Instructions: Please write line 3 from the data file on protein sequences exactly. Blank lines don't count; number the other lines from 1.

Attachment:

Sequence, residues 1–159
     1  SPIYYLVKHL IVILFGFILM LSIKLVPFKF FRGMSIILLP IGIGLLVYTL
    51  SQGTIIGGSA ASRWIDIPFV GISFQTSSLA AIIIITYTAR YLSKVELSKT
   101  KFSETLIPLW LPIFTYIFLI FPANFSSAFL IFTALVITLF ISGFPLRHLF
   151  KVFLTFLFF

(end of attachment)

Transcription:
    51  SQGTIIGGSA ASRWIDIPFV GISFQTSSLA AIIIITYTAR YLSKVELSKT